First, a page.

For this lesson, students will read grade-level texts about the sun, moon, Earth, or stars and create a poster to share their new knowledge. The purpose of this lesson is to build my student's knowledge based on their own interests, as they will choose which specific topic they want to focus on for this lesson. This lesson aligns to Essential Standard 1.E.1, 'Recognize the features and patterns of the earth/moon/sun system as observed from the Earth'. Click here to listen to my Explanation of Essential Standards and Essential Question.
*Grade-level books on the earth/moon/sun system (I used these Resource Books)
*Poster paper (1 per student)
The warm up is quick today so we can get right to the activity! We start by reviewing the questions that we started at the beginning of the unit and I say,
"Since we started learning about the solar system have you come up with any more questions you would like to add to our chart?"
We take a few minutes to add them. Asking scientific questions supports Science and Engineering Practice 1 and since I am teaching this unit at the end of the school year my students have had lots of practice asking questions! They are really prepared and ask many questions now, so the list is getting quite long--but that is a good thing! After we add any new questions, I say,
"Well, I am glad you have so many questions because today you are going to do some of your own research to answer them. You are going to choose one topic--either the sun, moon, Earth, or stars--read a book or two, and make a poster about your topic. Then, at the end of class or tomorrow, you will share what you learned with your classmates. Okay?"
Before beginning the activity, I quickly explain my expectations for the poster and write the requirements on the board so students can refer back to them. Sometimes I choose to use a rubric for projects like these that take multiple class sessions but today's focus is really for them to read the books and understand the content so I am not requiring a rubric. I say,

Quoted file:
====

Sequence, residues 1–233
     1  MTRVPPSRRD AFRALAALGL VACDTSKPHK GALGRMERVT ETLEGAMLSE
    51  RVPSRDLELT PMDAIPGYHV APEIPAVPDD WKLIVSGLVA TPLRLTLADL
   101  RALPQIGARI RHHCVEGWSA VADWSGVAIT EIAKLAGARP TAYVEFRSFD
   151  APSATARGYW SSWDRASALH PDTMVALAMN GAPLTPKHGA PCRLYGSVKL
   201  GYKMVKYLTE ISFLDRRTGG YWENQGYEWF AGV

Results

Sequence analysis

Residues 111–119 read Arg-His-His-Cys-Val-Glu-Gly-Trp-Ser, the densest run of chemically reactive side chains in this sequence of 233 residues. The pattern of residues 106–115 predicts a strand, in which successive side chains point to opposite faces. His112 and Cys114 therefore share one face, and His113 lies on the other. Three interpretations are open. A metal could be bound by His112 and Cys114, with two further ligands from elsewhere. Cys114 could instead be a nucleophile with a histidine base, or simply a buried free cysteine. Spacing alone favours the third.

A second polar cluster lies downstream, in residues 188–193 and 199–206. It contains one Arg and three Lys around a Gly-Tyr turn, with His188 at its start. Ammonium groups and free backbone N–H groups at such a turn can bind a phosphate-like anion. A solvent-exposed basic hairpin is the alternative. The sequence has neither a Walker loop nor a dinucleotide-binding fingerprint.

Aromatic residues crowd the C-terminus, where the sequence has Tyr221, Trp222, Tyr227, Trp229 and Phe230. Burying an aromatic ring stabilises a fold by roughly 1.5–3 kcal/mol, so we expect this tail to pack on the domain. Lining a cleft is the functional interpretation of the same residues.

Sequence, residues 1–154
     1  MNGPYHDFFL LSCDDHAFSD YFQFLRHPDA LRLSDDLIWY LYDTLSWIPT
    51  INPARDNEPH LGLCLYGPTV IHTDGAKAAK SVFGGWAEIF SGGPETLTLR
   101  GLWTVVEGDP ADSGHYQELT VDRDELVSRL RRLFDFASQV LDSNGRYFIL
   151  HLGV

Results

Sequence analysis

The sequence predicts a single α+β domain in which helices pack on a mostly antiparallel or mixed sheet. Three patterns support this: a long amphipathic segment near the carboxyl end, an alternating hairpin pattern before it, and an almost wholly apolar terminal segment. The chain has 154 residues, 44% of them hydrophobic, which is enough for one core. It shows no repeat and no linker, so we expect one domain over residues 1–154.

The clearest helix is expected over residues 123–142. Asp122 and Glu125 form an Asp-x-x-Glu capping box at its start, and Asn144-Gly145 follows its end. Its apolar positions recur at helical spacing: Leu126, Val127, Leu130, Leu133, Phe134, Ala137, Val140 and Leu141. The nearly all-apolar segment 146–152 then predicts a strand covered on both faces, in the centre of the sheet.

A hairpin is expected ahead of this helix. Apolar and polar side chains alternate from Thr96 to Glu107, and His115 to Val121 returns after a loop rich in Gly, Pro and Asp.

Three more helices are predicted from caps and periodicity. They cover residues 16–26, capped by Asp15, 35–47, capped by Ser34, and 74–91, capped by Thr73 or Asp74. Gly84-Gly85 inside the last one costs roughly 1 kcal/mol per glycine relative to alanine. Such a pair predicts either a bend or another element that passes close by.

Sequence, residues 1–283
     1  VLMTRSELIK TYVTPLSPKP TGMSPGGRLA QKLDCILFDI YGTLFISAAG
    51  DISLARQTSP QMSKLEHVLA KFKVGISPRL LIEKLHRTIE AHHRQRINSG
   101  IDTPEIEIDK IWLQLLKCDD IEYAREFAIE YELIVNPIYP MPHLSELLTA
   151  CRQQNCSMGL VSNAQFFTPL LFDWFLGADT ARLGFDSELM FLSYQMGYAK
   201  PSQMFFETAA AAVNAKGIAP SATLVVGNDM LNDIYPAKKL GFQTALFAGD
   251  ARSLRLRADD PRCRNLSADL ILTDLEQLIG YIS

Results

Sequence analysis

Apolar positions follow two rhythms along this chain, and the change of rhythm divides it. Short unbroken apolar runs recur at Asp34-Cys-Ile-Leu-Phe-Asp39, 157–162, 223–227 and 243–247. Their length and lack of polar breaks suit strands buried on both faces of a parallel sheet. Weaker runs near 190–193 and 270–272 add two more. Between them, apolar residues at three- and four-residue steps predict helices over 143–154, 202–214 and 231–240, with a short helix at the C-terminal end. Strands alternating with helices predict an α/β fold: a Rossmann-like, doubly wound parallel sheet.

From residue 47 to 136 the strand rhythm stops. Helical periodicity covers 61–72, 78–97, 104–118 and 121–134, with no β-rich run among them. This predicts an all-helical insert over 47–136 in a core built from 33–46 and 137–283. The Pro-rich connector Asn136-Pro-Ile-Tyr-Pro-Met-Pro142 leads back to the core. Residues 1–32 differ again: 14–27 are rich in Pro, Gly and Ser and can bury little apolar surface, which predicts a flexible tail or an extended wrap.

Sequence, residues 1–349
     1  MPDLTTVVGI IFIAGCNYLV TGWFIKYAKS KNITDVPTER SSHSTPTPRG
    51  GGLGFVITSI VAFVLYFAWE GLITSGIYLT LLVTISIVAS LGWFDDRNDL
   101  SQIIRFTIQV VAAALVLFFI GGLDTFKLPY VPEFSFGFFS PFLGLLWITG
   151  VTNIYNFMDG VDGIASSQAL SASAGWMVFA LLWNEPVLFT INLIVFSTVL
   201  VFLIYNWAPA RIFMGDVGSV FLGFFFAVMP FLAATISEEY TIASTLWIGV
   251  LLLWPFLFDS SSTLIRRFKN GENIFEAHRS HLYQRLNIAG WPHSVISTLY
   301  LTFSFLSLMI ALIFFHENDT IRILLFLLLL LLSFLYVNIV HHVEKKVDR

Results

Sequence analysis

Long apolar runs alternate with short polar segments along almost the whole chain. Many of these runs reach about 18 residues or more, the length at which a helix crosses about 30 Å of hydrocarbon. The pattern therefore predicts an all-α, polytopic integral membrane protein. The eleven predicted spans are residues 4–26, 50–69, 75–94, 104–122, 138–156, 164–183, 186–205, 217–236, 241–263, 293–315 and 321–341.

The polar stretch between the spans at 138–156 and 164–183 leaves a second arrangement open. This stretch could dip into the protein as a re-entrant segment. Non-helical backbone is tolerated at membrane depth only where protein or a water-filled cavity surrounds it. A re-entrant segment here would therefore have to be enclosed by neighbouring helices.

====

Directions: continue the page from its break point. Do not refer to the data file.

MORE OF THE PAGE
"Today, the expectation is that you read your book all the way through. Then, choose 2 important facts that you want to share on your poster. What is a fact? That's right - something that you know is true because you can prove it in the text. When you create your poster, you need to have a title, your name as the author, 2 illustrations, and 2 sentences to explain them. Okay?"
For the activity, I let my students choose which topic they want to study and they get their book and paper and get to work. As they read their book and work on their poster, I help my lower readers with their text. Then as students work on their posters I make sure they refer back to the requirements on the board. When they have about 5 minutes left, I make them aware of that and make sure that students are on task to finish.
Students using the information they learned through the texts to create their poster supports Science and Engineering Practice 4 as they record their observations through writings, pictures, and drawings. Using grade level appropriate texts to obtain information supports Practice 8.
To wrap up, I ask students to clean up their materials and then ask for volunteers to go first to share their information. As students prepare to share their posters, I say,
"As your classmates share information, it would be smart for us to take notes as we learn about the topics we did not read about - so, let's start a journal page for each topic. Make sure you write the important things on the correct page. Ready?"
After each student shares, I sum up their information for the class and we add it to our journals. I model this for the class to make sure that everyone gets accurate information about all 4 topics. The learning continues (due to the short class time) the following day.
Sharing and communicating what we learned in this way supports Practice 8.